The Knight looked through the glass and whistled, “What horrid beasts of Hell!” and handed the spyglass to Brawn, who, as a boy would have been thrilled to a song over the chance to gaze through this knightly device. But bloody-handed manhood was upon him already. He calmly counted the panting figures squatting on all fours, or on their haunches, ice caking their bearded snouts, some lazing on their sides sharpening their black fingernails. The round window of close-looking finally settled on one especially surly beast, all white of hair, mane and beard, a third again as large as the others, scars by the score gouging his lustrous coat, where those by his sides were patchy and mottled, spotted and mean. The creature seemed to see him, and he heard, in his mind, a calmly intentioned threat, “I will take your one mean eye.”
He handed the spyglass to The Knight Brass, “They are thirteen. The shaggy white chief signed a challenge to me. I will spend the night on this bridge.”
“Huzzah!” bawled The Knight Brass. “We are so blessed by God—Spanish rabble mumming Saracens and now Grendel pawing for worth!”
The Factor, took the spyglass, “Easy Sire Cousin, greeting the Sons of Cain might affront The Lord and earn a dragon for a hungry bane.”
“Yes, you are right Good Factor Cousin—please confess me tonight and place my heart firmly in The Lord’s sight.”
The Factor nodded informally, being their pastor, seeming in this instance more of a close and old friend to Brass, who Brawn gathered would be lost without him.
He then turned in his saddle glancing at the gate manned by two dull slouch-hatted fellows, and drawled, “What tardies The Lone Knight. This is odd to rude, Underknight Brash.”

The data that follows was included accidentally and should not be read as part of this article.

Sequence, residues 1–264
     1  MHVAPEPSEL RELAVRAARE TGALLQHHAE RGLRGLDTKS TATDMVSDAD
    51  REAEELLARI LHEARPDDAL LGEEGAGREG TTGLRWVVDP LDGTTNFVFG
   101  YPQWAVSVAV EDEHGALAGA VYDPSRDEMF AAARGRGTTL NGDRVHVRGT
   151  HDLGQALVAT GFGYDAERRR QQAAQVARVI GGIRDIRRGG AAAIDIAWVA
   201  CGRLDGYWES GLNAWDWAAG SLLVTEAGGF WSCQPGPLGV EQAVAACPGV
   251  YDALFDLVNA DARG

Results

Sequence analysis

“Yes!” and his urgent need to please his master brought a growling down from the crags, “Dog of men, hound underfoot—we prowl free, you, you…”
He adopted a fury in his mid, summoned her from some ancient clime and the beating of her ravening wings drowned out the monstrous rantings cast from above and felt within.
Brawn rode across the bridge and up to the gate, noting that the men there were sallow-faced, fearful, and branded on the cheek with the runaway R. He made eye contact with both of them and they blinked in a watery was, so he bawled, sounding something near as arrogant as a knight, “Raise the gate for The Sword Brass. We are your relief.”
The gate raised and he rode through impatiently when it was half up, swinging side line in the saddle, almost getting hung up by the buckskins in his hurry, and found himself in a slaughter pen.
His sword rang out right and his saddle gun came up in his left hand, like it had been born there, the click of the left hammer sounding like the trumpet Brass in this place aghast.
“Pappa Doc say:
‘Howling nort—come Wendigory,
Calling west—come Walkery,
Chriseman east—slump sleepy,
Macheteman sout—some Voodoory.’
Chriseman sleep.”
Notes
-1. The battle cry of Charlemagne, Emperor of France, who slew the Moors in revenge for the death of Roland.
-2. Charlemagne’s elderly advisor.
-3. A light swivel cannon.